After pivoting into My World of Moisture with Dave, back to the all important question: what is the cost? The answer is surprisingly reasonable. About the cost of an international holiday with a long haul flight. In the current circumstances particularly, we are going nowhere and happy to forego a holiday abroad and save contributing to burning aviation fuel. This was on 20th Dec and now it’s the 10th of January and Mark arrived in a large lorry filled with 80-100 m3 of thermobeads at 8am and finished at noon. Pretty good service I’d say.
Now we’ve reached a good point to suspend my solar panel story until they are installed. Let’s explore The Humidistat. First what does it look like? In the picture I’ve labelled the key parts of a humidistat microchip. This one is made by Honeywell, one of many suppliers of humidistats and they come in various shapes and sizes. To give you some perspective, the one in the picture is about 5mm x 4mm x 2mm. They can be bought up to 1000 chips on a tape. A machine for pick-and place can lift the humidistats from a tape and place them on printed circuits in large numbers, or you can pick off the humidistats yourself and solder the chip by its pins to the copper lines on a printed circuit.
The pins which are numbered 1-8, each can have a function or just used for supporting the mounting. For instance, the one in the picture has Pin 7 designated as “NC” (not for external connection). Voltage in and out is “Pinouts” 1 and 2 in the picture, whereas 5 and 6 are the high and low humidity outputs. Adjustors on an extractor fan fitted with a humidistat allow you to set the humidity range, for example, 60 %RH to 80 %RH. The electronics controlling the switch for the fan reads the output from the humidistat and turns it on at 80 %RH and then off at 60 %RH.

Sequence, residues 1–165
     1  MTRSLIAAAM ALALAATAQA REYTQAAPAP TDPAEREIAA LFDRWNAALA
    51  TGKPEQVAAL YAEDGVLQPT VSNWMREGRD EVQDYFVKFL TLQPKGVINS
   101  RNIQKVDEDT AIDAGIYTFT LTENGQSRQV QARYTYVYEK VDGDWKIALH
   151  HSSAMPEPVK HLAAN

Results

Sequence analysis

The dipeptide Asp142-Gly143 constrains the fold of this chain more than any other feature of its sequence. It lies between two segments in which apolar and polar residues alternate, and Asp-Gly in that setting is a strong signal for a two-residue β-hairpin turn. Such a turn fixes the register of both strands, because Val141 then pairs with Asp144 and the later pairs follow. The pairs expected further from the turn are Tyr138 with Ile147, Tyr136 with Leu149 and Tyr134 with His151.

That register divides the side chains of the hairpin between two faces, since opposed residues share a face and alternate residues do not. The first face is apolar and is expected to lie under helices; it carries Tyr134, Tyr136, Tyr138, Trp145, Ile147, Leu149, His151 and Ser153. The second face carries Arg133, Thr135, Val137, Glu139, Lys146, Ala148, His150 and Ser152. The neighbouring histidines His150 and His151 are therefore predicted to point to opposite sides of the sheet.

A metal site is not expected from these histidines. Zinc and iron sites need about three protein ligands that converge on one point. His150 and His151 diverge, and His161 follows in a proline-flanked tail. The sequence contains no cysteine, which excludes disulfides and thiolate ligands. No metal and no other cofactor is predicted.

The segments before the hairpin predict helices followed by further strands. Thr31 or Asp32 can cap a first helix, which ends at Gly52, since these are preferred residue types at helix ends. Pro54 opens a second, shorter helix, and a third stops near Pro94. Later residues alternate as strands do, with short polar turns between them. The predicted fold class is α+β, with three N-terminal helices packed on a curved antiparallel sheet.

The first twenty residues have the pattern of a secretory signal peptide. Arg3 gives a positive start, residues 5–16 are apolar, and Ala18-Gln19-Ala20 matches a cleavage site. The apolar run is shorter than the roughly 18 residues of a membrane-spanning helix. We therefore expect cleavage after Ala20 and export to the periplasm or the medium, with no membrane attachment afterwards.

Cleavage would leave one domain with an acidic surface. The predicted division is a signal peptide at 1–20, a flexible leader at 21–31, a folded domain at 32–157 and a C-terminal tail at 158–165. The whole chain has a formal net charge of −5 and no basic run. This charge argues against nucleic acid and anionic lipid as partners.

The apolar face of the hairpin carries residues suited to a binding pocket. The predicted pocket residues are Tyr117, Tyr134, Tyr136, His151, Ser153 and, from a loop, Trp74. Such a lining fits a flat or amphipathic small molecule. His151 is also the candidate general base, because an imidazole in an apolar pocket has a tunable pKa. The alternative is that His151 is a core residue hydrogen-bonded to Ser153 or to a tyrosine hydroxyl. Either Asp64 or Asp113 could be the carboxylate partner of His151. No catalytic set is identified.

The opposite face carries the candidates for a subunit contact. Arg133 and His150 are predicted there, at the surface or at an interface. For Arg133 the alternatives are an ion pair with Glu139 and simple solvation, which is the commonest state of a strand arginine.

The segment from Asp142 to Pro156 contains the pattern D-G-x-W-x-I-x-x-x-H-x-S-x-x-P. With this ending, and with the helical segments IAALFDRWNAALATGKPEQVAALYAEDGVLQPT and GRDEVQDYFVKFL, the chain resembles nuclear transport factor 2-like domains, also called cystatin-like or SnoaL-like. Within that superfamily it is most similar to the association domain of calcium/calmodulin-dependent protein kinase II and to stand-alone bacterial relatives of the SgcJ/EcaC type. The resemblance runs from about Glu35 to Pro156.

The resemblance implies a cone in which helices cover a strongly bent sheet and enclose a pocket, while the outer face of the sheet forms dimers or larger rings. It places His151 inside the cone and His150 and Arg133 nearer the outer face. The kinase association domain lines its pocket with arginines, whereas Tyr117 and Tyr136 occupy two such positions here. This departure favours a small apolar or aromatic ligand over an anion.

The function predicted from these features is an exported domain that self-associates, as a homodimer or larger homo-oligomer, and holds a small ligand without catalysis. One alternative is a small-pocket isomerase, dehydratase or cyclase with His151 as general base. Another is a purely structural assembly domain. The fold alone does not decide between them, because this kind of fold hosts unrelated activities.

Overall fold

The type of humidistat shown in the picture has a hydrophobic (water hating) filter, that you can see in the top of the chip and makes it condensation-resistant. Underneath the filter is a humidity sensor that responds according to the amount of moisture in the air. Water condensing on the sensor will interfere with its moisture measurement and the filter stops this happening in areas of very high humidity, as in a bathroom or shower room.
Earth, a gigantic humidistat
Our planet could be thought of as a gigantic humidistat with a whole load of complex inputs and outputs that has kept the climate fairly steady over thousands of years since the last ice age. We are now seeing a change in that balance of the climate through what we think is a result of hundreds of years of human activity and in particular the industrial revolution. Global warming is heating up the atmosphere and driving more moisture into the air causing a change in our climate, that’s a fact.
I explain the relationship between temperature and humidity in my eBook “A Wetter Look At Climate Change” and talk about the source of extreme weather. Unfortunately for us when it comes to our global humidistat, unlike the microchip, there is no adjuster control for us to set the humidity!
To finish on a lighter and more positive note. One of our local supermarkets has made a commitment to sustainability and reducing plastic packing. Bananas packed in plastic bags are no longer being put on the shelves. Instead, here’s a picture of the new presentation of their bananas. This appeals to my quirky sense of humour, I’m not going to explain why, just leave it for you to enjoy.
I write about how humidity and moisture effects everything around us. If you would like to hear more on the impact of moisture, various topics on moisture and humidity are discussed in my eBook “A Wetter Look At Climate Change”.